Norton by Symantec today released the Norton Cybercrime Report, detailing research and analysis on the UAE’s digital landscape that shows at least 2 UAE residents are becoming victims of cybercrime every minute as a result of viruses, online scams and phishing attacks being used by cybercriminals, the company said.
In light of these figures, Internet security experts look into the current attitudes behind online behavior within the UAE and what users need to be on the look- out for.
“In a country where more and more users are dependent on the Internet for work, social networking, and everyday tasks such as banking and shopping, there is a definitive gap between how much users are going online and the precautions they take when doing so. There is a critical need for users to take equally diligent steps to protect their personal information on the web just as they would for their physical belongings, especially when 84% of cybercrime victims in the UAE found an online attack to be just as frustrating and upsetting as one in the ‘real world’,” said Tamim Taufiq, head of consumer sales MENA, Symantec
“The solution is simple; users must take their security into their own hands by being smart and safe when they are connected. As cybercriminals work on new and varied methods to target victims it is of fundamental importance that users in the UAE protect themselves with a cautious approach to online activity and comprehensive security solutions for all devices they might use to access the Internet,” Taufiq said.
In UAE, the most common – and most preventable – type of cybercrime falls with computer viruses or malware (51% overall, of which 65% occurred in the past 12 months), Symantec said. Online Scams (19% overall, of which 54% occurred in the last 12 months) and Phishing messages (18% overall, of which 53% occurred in the last 12 months) also rank high in the types of attacks being used by cybercriminals to steal personal data for their own gain, according to the report.
Mobile crime appears to be a major threat for the future with 20% of all cybercrime in the UAE occurring on mobile devices, said analysts. With 56% of all mobile phone users in the UAE using their phones to access the Internet, the need for caution and protection is high with attacks targeting these platforms becoming more sophisticated and more frequent, Symantec added.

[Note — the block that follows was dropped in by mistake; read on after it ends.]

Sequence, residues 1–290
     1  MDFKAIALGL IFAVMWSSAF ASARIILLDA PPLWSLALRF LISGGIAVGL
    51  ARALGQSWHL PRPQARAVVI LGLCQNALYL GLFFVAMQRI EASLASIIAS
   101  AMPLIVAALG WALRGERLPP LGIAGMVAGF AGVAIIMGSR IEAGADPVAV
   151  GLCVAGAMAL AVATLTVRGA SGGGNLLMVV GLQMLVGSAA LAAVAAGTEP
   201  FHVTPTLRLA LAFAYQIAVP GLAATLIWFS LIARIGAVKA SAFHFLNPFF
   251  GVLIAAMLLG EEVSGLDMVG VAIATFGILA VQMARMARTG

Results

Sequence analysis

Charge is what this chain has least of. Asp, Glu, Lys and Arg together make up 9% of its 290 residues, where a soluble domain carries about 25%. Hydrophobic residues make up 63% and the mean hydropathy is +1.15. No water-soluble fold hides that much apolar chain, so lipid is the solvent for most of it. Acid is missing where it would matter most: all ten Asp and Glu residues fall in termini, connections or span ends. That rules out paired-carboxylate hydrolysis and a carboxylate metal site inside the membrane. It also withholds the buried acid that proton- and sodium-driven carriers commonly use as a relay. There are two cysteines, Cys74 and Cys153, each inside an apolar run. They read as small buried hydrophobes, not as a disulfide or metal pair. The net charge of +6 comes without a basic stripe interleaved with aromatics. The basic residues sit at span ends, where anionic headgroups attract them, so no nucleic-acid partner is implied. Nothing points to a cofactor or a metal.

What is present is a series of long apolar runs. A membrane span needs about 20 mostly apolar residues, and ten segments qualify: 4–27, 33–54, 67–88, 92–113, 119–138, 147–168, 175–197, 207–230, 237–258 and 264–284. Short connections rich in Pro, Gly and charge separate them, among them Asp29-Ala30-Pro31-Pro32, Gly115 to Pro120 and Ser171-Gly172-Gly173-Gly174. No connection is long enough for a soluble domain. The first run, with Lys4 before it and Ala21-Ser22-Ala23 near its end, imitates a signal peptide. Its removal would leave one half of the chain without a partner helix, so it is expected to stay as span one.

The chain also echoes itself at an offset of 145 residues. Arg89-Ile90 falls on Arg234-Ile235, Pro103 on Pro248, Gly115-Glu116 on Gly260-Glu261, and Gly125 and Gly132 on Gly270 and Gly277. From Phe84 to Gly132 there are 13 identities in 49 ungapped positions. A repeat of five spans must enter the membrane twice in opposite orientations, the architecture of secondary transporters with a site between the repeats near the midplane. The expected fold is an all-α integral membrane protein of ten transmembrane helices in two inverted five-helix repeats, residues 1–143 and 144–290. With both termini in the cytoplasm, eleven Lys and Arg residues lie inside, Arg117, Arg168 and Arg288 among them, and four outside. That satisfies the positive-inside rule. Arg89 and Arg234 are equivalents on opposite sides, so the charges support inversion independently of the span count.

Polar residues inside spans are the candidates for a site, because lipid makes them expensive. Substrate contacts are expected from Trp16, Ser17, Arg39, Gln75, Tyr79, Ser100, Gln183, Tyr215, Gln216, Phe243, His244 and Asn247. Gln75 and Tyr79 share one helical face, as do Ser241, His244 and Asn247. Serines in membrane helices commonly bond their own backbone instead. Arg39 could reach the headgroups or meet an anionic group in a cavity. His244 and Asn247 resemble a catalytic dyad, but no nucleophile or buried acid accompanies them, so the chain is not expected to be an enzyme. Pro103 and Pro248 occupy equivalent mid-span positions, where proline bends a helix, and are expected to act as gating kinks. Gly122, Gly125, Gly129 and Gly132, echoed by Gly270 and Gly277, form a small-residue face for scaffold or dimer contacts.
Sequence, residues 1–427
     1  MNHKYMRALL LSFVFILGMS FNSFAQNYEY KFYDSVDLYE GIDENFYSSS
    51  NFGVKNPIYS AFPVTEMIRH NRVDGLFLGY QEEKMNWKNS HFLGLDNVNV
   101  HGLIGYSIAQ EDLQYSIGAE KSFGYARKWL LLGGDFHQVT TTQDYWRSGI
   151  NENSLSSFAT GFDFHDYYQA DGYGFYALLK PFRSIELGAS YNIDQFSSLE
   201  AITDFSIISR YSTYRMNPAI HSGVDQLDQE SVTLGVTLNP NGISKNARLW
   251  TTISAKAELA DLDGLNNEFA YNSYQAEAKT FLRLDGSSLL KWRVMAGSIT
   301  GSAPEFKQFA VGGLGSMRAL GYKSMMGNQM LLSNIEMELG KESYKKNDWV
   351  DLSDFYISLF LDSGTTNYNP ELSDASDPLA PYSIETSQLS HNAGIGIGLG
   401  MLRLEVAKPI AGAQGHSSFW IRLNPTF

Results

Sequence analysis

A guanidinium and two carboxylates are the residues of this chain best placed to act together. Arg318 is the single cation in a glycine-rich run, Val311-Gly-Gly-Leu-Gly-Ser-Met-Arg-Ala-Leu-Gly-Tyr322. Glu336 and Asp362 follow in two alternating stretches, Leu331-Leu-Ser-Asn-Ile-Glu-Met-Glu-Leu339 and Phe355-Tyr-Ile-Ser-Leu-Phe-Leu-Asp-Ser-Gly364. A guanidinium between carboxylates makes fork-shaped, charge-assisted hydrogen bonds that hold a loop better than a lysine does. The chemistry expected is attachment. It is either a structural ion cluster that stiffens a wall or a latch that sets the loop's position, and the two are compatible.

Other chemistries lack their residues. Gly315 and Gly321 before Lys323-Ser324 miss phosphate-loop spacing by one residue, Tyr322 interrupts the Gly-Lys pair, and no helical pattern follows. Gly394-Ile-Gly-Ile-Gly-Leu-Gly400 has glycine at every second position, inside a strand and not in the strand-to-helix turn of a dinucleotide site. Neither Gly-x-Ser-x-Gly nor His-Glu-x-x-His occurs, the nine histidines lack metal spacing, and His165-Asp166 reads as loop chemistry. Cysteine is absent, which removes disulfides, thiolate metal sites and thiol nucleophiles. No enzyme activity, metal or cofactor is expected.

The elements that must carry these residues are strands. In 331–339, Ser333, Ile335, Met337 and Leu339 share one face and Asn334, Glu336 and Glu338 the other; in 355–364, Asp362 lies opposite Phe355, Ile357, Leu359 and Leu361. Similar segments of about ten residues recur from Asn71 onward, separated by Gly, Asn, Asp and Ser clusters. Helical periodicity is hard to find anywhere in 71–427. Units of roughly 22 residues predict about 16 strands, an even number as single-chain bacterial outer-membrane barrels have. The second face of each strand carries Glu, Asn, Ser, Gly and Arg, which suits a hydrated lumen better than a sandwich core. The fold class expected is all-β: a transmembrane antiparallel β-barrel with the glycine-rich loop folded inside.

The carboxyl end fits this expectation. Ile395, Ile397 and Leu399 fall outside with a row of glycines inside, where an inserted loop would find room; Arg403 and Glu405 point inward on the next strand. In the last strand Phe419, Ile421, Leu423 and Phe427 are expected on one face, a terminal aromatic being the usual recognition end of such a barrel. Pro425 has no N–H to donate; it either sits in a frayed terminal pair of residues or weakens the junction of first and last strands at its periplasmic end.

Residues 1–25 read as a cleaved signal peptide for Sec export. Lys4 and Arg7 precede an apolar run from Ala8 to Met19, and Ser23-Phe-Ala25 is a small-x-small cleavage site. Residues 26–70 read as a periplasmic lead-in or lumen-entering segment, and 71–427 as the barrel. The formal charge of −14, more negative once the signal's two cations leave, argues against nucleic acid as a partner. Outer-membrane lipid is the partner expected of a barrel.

‘Cyber-apathy’ is costing UAE consumers time and money; in the past 12 months UAE residents have spent on average 16 days trying to satisfactorily resolve cybercrime attacks with time being cited as the ‘biggest hassle’ faced because of cybercrime by 31% of victims, according to the company.
It is good news that users are now recognising the extent of cybercrime and the widespread impact it can have – 66% of users in the UAE say that cybercrime is a risk everyone takes when they access the Internet and 65% say that the possibility of cybercrime is something they are always aware of when online. Nearly 9 in 10 respondents agree that more needs to be done to bring cybercriminals to justice.
Despite these figures, only 2 in 10 cybercrime victims said they reported the cybercrime to the police while 53% of residents revealed they don’t have up-to-date security software to protect themselves and their personal information and only a marginal 8% of mobile phone users have taken steps to secure their devices.
With one of the highest levels of Internet usage in the region, UAE residents spend on average 31 hours a week online with 42% of residents saying they need the internet in their everyday lives, Symantec representatives said. With this in mind, all users are advised to exercise caution as soon as they connect no matter what sites they are visiting when research shows that users are just as vulnerable to cybercrime whether they are spending over 50 hours a week or between one and two only, the company added.
However, the report revealed that those who engage in riskier online behavior are inevitably more likely to be a victim of cybercrime, 63% of UAE residents have lied about personal details online or adopted a fake identity (including on popular social networking sites) while 77% of those who have lied online have gone on to become a cybercrime victim.